Jerskin Fendrix had never composed a film score when Yorgos Lanthimos reached out to commission original music for his phantastic fairy tale, Poor Things. At that point, the former Cambridge student had one album to his name, an experimental pop record entitled Winterreise, but it was enough to convince the Greek auteur that Fendrix was the right guy for the job.

Now, the first-time film composer is also a first-time Oscar nominee.

Fendrix, the stage name of Joscelin Dent-Pooley, began writing music for Poor Things before filming began, composing significant portions of the score based purely on Tony McNamara's script and various concept art. The film centers on Bella Baxter (Best Actress in a Leading Role nominee Emma Stone), an adult woman who is brought back to life using the brain of a baby immediately after jumping to her death. Having been reanimated by a highly unorthodox scientist, Bella must build her life anew starting from a childlike state.

"I was trying to interpret human emotion and human experience in a way that was a little more subversive, but the intention was always to make it honest and feel really genuine," says Fendrix. "This just makes me feel like I've hopefully achieved that as best as I could have."

The this in question is his nod for Best Original Score. (At the 96th Oscars, Poor Things received 11 total nominations, including Best Picture.) Of the recognition, Fendrix admits, "I've not really had a proper chance to process it, to be honest." But in conversation with A.frame, the composer breaks down his singular score and the inspiration he took from — amongst other things — medical research and classic Disney movies.


A.Frame: There's a vivid absurdity and an abstract element to Poor Things that could be difficult to write music for without it seeming too much. How did you want the score to complement or balance the visuals?

Yorgos asked me to do the music in the first place because what I had already released was quite absurd and stupid, so I was the right man for the job. It was an odd initial process trying to work out what the correct contribution could be. Firstly, because there was no reference point. We decided not to discuss any other composers, film scores, or music in general, because it was essential that the musical identity of the film had to be exclusive to Poor Things. It involved me working out what tools I already had and what processes I had already come up with to convey specific emotions, feelings, or concepts. I think music is great at hitting the emotional core very quickly and without much thought or interpretation. That is really important, and it was a great starting point to try and work out how my work could compliment what the designers, cinematographers and so on were doing. It involved great contemplation.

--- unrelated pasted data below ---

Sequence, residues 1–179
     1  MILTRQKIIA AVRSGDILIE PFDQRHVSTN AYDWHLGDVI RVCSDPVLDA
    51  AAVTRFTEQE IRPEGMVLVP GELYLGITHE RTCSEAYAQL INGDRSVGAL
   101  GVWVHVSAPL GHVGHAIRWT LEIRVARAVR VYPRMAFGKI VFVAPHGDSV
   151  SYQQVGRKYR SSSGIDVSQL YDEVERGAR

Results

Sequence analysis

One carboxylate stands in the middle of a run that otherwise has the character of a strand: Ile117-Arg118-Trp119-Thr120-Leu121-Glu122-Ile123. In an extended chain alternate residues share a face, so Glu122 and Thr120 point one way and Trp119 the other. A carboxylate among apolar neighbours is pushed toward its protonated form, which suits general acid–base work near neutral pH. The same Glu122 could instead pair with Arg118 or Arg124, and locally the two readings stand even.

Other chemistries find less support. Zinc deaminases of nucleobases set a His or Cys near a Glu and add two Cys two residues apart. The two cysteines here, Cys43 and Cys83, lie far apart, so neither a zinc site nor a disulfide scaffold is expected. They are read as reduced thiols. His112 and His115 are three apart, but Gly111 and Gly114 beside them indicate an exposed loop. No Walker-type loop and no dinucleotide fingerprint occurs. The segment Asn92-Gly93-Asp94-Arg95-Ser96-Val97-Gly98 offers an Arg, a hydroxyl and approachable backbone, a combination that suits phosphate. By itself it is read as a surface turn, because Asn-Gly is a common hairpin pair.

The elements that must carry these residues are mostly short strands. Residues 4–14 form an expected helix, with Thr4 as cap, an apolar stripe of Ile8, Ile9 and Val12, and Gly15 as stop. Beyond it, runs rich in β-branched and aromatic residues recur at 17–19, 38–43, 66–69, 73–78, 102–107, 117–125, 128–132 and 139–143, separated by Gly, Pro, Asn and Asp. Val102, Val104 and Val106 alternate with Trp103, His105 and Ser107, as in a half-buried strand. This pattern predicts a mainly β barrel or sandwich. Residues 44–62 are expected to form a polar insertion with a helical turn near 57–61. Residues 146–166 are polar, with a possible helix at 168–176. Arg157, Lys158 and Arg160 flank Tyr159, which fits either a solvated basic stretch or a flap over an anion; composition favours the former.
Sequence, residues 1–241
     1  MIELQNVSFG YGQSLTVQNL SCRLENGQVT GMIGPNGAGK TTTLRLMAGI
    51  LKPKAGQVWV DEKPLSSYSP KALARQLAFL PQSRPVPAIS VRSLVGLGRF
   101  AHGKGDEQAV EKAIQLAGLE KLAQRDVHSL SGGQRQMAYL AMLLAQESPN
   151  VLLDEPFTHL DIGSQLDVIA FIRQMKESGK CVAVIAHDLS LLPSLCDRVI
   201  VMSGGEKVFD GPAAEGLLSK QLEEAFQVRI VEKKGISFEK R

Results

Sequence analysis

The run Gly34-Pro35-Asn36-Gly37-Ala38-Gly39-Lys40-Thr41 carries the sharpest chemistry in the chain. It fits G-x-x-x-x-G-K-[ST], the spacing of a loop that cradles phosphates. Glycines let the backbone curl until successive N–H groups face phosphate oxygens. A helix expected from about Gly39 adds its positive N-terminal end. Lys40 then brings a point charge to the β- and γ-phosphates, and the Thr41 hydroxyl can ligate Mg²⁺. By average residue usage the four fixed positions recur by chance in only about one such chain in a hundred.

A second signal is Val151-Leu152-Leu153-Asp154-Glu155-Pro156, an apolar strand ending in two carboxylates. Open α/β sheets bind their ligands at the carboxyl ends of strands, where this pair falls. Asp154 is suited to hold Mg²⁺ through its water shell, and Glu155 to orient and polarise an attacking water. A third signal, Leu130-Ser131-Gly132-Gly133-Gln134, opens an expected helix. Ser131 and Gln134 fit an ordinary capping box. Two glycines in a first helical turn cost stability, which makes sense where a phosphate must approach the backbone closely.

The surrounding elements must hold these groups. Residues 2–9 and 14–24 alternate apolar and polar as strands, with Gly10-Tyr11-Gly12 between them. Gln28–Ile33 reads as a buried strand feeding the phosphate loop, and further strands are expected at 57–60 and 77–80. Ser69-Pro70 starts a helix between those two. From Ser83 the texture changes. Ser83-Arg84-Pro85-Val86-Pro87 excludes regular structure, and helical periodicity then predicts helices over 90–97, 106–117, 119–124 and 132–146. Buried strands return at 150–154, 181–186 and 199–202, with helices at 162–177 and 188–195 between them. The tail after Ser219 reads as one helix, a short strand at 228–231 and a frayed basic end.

You said you didn't discuss other works or composers, but there are elements of the score that almost feel like subconscious homages. One example is the ending sequence, which feels very classic Hollywood, and another is the reanimation sequence, which feels like something out of a Universal Monster movie.

I think the ending, to some extent, definitely has an element of the very old, classic Disney films, which I love. Many of those go through this process at the end where they do a condensed, rapid overture, basically. For instance, in Pinocchio, there is a moment where "When You Wish Upon a Star" flows into this other thing, and it's this hyper-concentrated version of the whole score. It was really important that the ending didn't have any ambiguity. It was a happy ending, and it wanted to have that feel. So, I definitely think I took a lot of cues from those early Disney scores, which are historic and wonderful.